They seem like a nice multi-purpose item, right up there with a cotton bandanna. A lot of overlap in uses actually. Effectively a synthetic bandanna.

I've done some cold nights in the hammock (3f in my book) and keeping your face out of your sleeping bag so your breath doesn't dampen it can get cold on the cheeks.

I made a Buff at 3am this morning. I couldn't sleep. I had finally bought some fabric yesterday to make some gaiters (Dirtygirl gaiters style) and a matching buff. $1.97 for a yard of jerseyknit (maybe? stretchy in one way) poly-something. The labels aren't very good at Walmart. I've enough fabric for a couple of sets of both Buffs and Gaiters. That match!

It's an easy enough project. A few minutes on the sewing machine using the zig-zag stitch so the fabric can still stretch. I cut the fabric 18 inches square. Sew it up so it can stretch to get bigger around so it will stretch over your head.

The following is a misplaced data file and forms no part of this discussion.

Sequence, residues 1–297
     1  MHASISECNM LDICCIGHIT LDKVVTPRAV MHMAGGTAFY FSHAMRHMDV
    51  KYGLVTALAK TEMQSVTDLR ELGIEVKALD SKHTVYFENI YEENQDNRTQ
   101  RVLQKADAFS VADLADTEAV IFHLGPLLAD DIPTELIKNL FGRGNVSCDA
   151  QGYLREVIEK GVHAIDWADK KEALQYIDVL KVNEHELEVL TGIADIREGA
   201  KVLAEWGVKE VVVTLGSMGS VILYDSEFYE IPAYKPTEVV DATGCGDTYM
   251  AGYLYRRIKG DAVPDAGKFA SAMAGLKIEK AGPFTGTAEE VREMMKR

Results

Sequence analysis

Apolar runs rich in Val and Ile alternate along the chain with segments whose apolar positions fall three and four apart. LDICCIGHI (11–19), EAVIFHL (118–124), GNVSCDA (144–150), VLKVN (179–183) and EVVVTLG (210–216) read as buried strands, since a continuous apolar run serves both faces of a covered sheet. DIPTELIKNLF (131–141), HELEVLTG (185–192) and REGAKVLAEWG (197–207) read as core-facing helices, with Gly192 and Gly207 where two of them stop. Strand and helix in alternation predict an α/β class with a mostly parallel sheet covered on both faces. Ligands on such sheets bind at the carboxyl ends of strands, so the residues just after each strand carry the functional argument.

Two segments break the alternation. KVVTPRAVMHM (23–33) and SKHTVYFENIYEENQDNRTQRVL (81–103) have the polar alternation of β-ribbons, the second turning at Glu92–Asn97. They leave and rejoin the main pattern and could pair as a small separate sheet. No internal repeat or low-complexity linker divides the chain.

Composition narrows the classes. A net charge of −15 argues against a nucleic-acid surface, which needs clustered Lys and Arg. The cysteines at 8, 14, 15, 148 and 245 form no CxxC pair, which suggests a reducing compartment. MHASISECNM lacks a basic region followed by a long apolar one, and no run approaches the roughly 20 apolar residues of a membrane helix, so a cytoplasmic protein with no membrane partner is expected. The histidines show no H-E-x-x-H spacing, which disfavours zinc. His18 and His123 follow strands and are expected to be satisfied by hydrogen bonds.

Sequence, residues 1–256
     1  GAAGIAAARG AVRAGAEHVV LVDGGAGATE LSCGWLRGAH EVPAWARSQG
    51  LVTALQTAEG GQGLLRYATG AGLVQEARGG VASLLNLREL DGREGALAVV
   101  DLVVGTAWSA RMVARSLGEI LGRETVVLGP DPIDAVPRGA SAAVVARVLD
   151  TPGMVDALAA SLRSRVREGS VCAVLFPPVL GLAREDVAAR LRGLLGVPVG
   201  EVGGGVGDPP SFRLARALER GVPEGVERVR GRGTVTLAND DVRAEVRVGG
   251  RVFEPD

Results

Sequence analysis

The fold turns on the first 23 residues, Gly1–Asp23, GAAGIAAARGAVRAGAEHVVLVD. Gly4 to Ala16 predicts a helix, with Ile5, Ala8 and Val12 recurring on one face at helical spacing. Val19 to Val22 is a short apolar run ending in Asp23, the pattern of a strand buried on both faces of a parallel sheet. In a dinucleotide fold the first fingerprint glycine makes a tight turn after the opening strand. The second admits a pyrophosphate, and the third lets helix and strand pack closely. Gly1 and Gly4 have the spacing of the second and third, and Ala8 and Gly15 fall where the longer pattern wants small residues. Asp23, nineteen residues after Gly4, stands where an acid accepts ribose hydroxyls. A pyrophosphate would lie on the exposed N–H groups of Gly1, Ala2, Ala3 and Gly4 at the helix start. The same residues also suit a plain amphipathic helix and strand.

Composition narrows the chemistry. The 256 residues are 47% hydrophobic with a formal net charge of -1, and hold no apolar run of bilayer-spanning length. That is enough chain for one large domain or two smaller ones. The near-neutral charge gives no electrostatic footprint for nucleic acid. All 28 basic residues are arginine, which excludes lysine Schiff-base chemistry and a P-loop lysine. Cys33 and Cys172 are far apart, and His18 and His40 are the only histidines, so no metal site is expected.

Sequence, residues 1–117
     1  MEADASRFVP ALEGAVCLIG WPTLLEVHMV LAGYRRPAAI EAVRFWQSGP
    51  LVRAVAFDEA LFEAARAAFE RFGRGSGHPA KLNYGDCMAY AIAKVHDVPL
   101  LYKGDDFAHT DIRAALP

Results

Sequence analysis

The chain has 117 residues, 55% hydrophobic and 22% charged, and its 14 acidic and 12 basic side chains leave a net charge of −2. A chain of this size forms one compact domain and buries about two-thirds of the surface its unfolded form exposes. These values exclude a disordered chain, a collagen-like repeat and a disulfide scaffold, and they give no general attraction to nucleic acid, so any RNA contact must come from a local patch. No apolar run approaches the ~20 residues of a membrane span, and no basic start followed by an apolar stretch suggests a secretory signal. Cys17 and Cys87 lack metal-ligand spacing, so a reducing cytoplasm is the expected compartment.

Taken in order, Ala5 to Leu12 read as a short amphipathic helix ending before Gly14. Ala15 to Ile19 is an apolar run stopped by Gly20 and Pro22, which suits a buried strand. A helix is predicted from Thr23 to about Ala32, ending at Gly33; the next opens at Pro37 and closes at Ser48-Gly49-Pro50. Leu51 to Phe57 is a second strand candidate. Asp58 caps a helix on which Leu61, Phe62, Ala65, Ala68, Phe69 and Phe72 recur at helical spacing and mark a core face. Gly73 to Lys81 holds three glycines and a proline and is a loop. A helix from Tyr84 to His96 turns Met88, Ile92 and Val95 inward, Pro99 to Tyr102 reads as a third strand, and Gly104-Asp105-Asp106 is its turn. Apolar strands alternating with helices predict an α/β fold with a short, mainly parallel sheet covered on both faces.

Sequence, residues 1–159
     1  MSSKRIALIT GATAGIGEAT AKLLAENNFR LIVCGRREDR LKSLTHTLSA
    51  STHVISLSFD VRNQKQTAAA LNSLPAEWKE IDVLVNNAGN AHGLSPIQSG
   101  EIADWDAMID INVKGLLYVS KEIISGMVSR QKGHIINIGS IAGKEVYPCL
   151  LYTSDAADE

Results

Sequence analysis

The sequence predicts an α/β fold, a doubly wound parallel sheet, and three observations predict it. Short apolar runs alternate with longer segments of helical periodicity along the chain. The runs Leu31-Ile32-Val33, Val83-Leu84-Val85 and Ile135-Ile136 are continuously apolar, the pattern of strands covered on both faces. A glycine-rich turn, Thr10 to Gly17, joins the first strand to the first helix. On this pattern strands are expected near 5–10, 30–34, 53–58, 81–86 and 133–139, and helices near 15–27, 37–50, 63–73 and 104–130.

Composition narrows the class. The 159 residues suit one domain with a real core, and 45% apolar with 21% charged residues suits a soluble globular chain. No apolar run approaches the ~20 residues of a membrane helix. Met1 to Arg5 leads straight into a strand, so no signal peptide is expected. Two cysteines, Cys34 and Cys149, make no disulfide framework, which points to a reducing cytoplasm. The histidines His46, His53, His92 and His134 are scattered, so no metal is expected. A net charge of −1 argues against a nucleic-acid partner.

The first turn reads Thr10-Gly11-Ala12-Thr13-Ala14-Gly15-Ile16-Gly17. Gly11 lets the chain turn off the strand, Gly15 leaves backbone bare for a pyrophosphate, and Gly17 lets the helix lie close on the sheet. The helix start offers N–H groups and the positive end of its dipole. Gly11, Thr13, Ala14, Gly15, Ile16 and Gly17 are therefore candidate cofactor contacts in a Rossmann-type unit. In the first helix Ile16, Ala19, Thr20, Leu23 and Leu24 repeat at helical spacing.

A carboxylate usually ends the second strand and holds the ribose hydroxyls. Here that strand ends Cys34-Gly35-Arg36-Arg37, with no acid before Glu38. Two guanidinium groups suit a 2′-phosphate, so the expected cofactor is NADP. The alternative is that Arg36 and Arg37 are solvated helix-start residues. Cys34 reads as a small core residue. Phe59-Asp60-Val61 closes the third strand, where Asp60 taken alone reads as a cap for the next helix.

I found that 18 inches around (minus sewing allowance) is maybe a tad tight for me. For sure I will be making the next one longer, as I can't double this and use it as a beanie over my big head. The 21 inches left over from the part I cut off the yard of fabric ought to be just about right.

I've been wearing it since I made it. I slept with it, but it somehow came off in the middle of the night (sleep undressing?). I've been wearing it all day. I usually don't like things around my neck, but it hasn't bothered me unless I think about it.

Just wondering if anybody has had any experience with the real thing. I would expect a seamless one would be significantly better than my hack-job.

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Knowledge doesn't add any weight to your pack. So here is a look at how a camp stove heats up.

I just picked up a thermal camera and am starting to investigate the energies (thermodynamics, not Reiki) around my camping gear. Energy sources are heavy to carry around, so if I can maximize the utilization of what I do carry, I think I can have a more comfortable trip. I plan on looking at EVERYTHING. Cooking, clothing, shelters.

While I knew that shiny metals are heat reflective, and anodized metals are heat absorptive. It really doesn't sink in until you can see it and play with it.